At the beginning or ending of class or an activity, this teacher-led activity is a quick way to build community. “The shared gesture can be physical—like a high five—or social—a teacher could ask students to express gratitude to their group members.”

Don’t think this is a powerful enough strategy? The NBA did some research on their teams and how many times the players touch each other early in the season - high fives, fist bumps, etc. The ones who did the most touching early in the season had the best records as the season progressed.


Rose and Thorn Check-in 

While it may seem that high school students don’t need “morning meetings,” the Rose and Thorn check-in is a quick way for teachers to gauge students’ moods, promote empathy, and understand that every voice matters.

How it works: At the beginning of class, the teacher and students share something positive (rose) and something negative (thorn). Students are allowed to “pass” on their turn, but every student is given the opportunity to be heard every day.



“When teachers deliberately foster a sense of belonging by greeting each student at the door of the class, they see ‘significant improvements in academic engaged time and reductions in disruptive behavior.’”  


Collaborative Classroom Norms and Expectations



Susan Norris, a Hoover High teacher, facilitates students in her classroom as they create class expectations and norms. 



By doing this, she encourages student voice and increases ownership of the expectations by the students.


Send a Welcome Letter 

Even before students step foot in the classroom, teachers can start to build community by making students feel welcome and reduce fears by letting them know what to expect in the classroom. (You can read about 7 more community-building strategies in the article on ThoughtCo.com)


Class Read-Alouds

There are a lot of books that can be used to build community in a classroom. There are two that I am recommending to be used for a read-aloud at ANY level. Yes, you read that right. Even at the high school level, a children's book can be a wonderful resource to build a culture of kindness. 


 One-Drop-Of-Kindness

My friend Jeff Kubiak wrote One Drop of Kindness. The story is about Gus, a one-time orphan, who believes that the only way to communicate is through hurtful words and actions. The town Gus lives in has a secret - and unlocking it, a ripple effect of kindness is felt throughout the town. 


 The-Invisible-Boy

The Invisible Boy is another story that can help to create a shared experience and a foundation for a sense of community in the classroom. The book is about a quiet student named Brian, who feels invisible at school until a new boy, Justin, "sees" Brian. From then on, Brian starts to feel less invisible and the other students begin to notice. It's a story about friendship, belonging, and the power of being "seen."

Here are some conversation starters and/or writing prompts:
  • What responsibility do we have to each other?
  • What actions can we do to help others feel like part of a community?
  • How can you reach out if you are hurting?


From the links and ideas above, you can find 20 ideas for building community in the classroom. What do you do at your school and/or in your classroom? I would love to hear from you in the comments below or reach out to me on twitter



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Tuesday, September 10, 2019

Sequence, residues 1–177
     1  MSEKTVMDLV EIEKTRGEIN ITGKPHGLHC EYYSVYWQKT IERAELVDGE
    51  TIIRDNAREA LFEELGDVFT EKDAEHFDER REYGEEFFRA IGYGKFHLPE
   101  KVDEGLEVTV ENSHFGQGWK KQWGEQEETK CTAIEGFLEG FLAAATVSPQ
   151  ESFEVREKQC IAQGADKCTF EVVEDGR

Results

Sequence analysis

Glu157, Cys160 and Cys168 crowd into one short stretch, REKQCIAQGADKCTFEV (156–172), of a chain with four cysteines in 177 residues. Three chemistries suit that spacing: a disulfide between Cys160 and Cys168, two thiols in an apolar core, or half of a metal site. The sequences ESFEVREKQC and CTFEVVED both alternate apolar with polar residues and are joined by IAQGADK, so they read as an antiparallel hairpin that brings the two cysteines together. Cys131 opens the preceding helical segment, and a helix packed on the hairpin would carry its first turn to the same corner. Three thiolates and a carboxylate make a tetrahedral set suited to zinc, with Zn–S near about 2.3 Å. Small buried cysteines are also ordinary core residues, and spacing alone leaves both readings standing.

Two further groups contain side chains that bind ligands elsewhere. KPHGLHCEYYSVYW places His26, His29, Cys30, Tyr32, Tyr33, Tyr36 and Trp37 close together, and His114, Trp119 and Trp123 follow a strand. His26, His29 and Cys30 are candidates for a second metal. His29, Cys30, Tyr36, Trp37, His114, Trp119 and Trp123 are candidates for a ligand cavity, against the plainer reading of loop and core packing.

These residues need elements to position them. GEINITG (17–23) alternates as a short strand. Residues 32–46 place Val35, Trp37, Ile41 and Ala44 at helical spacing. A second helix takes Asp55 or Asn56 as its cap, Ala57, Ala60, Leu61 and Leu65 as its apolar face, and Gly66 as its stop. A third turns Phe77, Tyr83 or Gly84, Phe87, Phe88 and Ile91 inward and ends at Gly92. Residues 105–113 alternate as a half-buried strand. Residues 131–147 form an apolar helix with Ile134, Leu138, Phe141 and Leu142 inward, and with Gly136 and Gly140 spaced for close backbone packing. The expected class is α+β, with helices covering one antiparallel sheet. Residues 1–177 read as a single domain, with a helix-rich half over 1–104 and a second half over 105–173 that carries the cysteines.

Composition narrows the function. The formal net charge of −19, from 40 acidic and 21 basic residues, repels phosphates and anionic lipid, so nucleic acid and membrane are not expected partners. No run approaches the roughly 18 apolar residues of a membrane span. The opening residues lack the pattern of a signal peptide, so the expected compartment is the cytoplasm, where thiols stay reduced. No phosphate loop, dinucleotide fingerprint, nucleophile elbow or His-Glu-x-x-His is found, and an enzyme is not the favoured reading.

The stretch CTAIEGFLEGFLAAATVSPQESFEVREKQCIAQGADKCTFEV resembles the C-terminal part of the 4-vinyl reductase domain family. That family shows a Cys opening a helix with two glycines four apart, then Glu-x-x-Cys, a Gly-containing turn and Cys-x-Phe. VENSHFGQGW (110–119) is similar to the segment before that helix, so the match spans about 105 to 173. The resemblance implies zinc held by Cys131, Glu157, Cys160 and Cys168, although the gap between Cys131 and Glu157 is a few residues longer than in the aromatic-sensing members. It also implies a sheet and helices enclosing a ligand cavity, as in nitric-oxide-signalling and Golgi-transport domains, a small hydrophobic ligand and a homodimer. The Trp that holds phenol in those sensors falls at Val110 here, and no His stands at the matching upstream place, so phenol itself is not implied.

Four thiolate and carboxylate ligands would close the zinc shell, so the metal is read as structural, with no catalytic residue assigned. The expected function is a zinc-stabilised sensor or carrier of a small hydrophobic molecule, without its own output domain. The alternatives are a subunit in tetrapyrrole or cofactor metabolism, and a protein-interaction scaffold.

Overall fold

5 ways to start the school year strong

5-ways-to-start-the-school-year-strong

A new year is a time of reflection, goal setting, and new habits and practices. As the new school year begins to take shape, it’s time to get re-energized. Maybe you’re a new school leader who is looking for ideas to start the year off right, or perhaps you are a seasoned administrator who wants to keep the fire alive. 

Here are five leadership ideas to jump-start your year and lead to your best one yet.

1. Choose One Word for Your School Year


Perhaps you’ve heard of the #OneWord movement by Jon Gordon (@JonGordon11). It’s a reflective and deliberate activity to choose one word to shape your goals, decisions, and actions during the year. This school year, choose one word for yourself or your school, and let it drive your work throughout the year.

Schools have chosen words like kindness, equity, and relentless to serve as reminders of the work that they are doing and that needs to be done. When examining new and old practices, the word can serve as a lens of whether to start, continue, or stop certain practices. If you’re not ready to choose a word for your school, reflect on your personal areas of growth as well as your strengths and choose a word for yourself that will serve as a reminder and encouragement as you do the challenging work of being a school leader.

2. Join and Contribute to a Professional Learning Network (PLN)


When I was a teacher, there were 100 other people in the building who did what I did. There was always someone there whom I could go to with questions, ideas, and problems. When I became a school leader, there were only three other people in the building who did what I did, and we all had different areas of responsibility. I felt really alone and had a lot of questions. Fast forward to today and with the power of technology, it’s now easy to connect with other people in leadership positions across the globe.

Make this the year that you collaborate with other school leaders to support you on your leadership journey. Additionally, use these connections to uplift others and offer encouragement as well as a critical ear. Twitter and Voxer are two tech tools that make collaboration easy, and there are a plethora of positive school leaders there with whom you can connect. School leadership is hard. Thank goodness it doesn’t have to be a lonely journey!